Love overcomes evil by doing good, and one of the marks of genuine love is that it is generous. Paul spells out what this looks like in Romans 12:9-21: Contribute to the needs of the saints and seek to show hospitality. Bless those who persecute you; bless and do not...
Parents are always communicating with their children. A touch of restraint on the arm, an encouraging word after school, or a hug before bed all convey important truths. From the casual smile across the dinner table to the tear-filled conversation before bed, every exchange with my kids is an opportunity.
For Christian parents, one goal must shape every interaction: to help our children grow in their knowledge and love of God. We want them to believe and embrace the gospel of Jesus Christ!
There are on-ramps to discuss the gospel in many of our conversations with our children. And many of these conversations with my kids can start with these three-word phrases.
“I love you”
I grew up in a home where I never questioned my parents’ love. My mother and father both told me (and showed me) that they loved me on a regular basis. I thank God for this—I now realize how much security and stability this gave me.
Children first learn what love is from their parents. So parents must communicate love to their children in a way that is not dependent on performance. My kids should not only know they are loved when they score a soccer goal, when they bring home a good report card, or when their painting wins a local prize.
If parents are teaching their children about real love—and ultimately about God’s love—they will remind their children of their love in good times and bad, during times of correction and praise. Every instance of instruction is an opportunity.
Parents must tell their children “I love you,” and they must say it in a way that is full of grace.
“Please forgive me”
Any two people living in close proximity will sin against each other. Often. This is a sad fact of our fractured world.
Before children turn two or three, parents must think about discipline. They will have hard talks during which they help their children confess their sins to God and others. But one of the most powerful conversations a parent can have with their children is when the shoe is on the other foot.
I have needed to seek forgiveness from my kids many times. I have yelled at them in anger and impatience, I have joked at their expense, I have been deliberately unkind as a form of retaliation. This is, sadly, only a partial list.
My confession to my kids is both necessary, because God commands it of me (James 5:16), and important, because it teaches them vital truths about being a Christian.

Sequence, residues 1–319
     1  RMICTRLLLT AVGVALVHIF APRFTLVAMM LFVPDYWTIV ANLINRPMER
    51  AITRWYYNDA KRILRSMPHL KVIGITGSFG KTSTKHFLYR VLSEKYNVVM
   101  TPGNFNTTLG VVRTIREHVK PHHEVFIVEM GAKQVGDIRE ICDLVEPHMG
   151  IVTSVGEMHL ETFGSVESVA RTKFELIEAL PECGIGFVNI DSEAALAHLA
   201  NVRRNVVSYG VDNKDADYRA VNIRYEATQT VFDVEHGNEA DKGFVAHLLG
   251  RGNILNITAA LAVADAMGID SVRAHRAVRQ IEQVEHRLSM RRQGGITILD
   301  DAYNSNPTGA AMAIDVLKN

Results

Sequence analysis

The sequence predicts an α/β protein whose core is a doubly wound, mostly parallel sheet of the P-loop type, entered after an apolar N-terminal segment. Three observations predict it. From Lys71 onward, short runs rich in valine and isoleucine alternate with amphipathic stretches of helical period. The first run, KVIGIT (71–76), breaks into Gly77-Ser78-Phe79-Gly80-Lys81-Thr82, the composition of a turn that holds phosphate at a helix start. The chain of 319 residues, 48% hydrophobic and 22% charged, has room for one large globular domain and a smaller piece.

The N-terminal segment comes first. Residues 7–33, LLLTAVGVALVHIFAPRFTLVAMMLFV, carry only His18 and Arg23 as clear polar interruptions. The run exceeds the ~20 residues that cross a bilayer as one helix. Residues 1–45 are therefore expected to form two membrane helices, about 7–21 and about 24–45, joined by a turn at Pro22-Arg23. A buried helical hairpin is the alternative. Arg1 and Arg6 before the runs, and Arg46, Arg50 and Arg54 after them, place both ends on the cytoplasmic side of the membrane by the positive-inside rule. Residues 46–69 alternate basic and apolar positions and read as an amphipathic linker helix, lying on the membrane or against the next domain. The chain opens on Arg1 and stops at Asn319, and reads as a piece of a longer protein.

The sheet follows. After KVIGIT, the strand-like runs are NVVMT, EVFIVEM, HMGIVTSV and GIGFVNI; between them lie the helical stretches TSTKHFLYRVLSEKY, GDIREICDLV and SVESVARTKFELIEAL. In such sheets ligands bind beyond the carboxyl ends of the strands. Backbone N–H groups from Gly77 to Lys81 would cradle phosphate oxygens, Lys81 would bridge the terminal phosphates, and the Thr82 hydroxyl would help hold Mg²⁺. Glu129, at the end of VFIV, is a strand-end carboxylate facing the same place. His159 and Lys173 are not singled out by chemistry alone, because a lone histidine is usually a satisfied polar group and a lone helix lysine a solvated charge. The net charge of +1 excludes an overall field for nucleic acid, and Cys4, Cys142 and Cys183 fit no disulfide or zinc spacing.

In my confession, I teach my children about sin. We are all sinners; we will not lay aside these selfish hearts as we age like some pair of toddler pajamas. And sin has consequences. Because sin offends God, we must confess our sin to Him. When we sin against others, we must seek reconciliation.
I try not to make excuses when I confess my sin to my children. I acknowledge the ways I have hurt them and express my sadness and regret for my actions. We discuss Jesus’s work on the cross for me: I can be sure God has forgiven me because Jesus died, was buried, and rose. And then I ask them to forgive me, explaining that they will bear a cost in forgiving me (not holding a grudge, not retaliating, not bringing the incident up as a weapon in the future). There is always a cost to forgiveness.
We talk and then we pray. We hug. I hope this practice creates a culture of humility, short accounts, and eager reconciliation in my family that my children will remember and take with them. What better way to get to the heart of Christianity than to forgive each other and treasure the work of Jesus together!
“God loves you”
This wonderful truth is the foundation of all gospel hope, and we must say it often to ourselves and everyone around us. God really does love you (1 John 4:10)!
God’s love is the foundation for all our belief and the proper motivation for our obedience. When children ask why our family goes to church, there’s an enormous difference between an answer that describes our duty and an answer like this: “God loves us and wants us to worship him” (see Romans 12:1).
When I remind my kids of God’s love, this provokes all kinds of related questions.
How does He show us His love? How can we know His love? Why does He love us? How do we experience His love? Where do we learn about His love? How should we respond to His love?
These are questions of discipleship—both ours and our children’s! They naturally lead to conversations about the cross, the Holy Spirit, the Bible, spiritual disciplines, and the local church.
Parents are long-term disciplers of their children, so we should seek out these conversations, even when our kids respond with questions that are difficult or unrelated.
Parents aim to surround their children with the gospel of Jesus Christ. Our time, our actions, our sacrifices, and our priorities all speak loudly to those nearby.
Our conversations matter most of all. And big conversations—conversations of eternal importance—can begin with these smallest of phrases.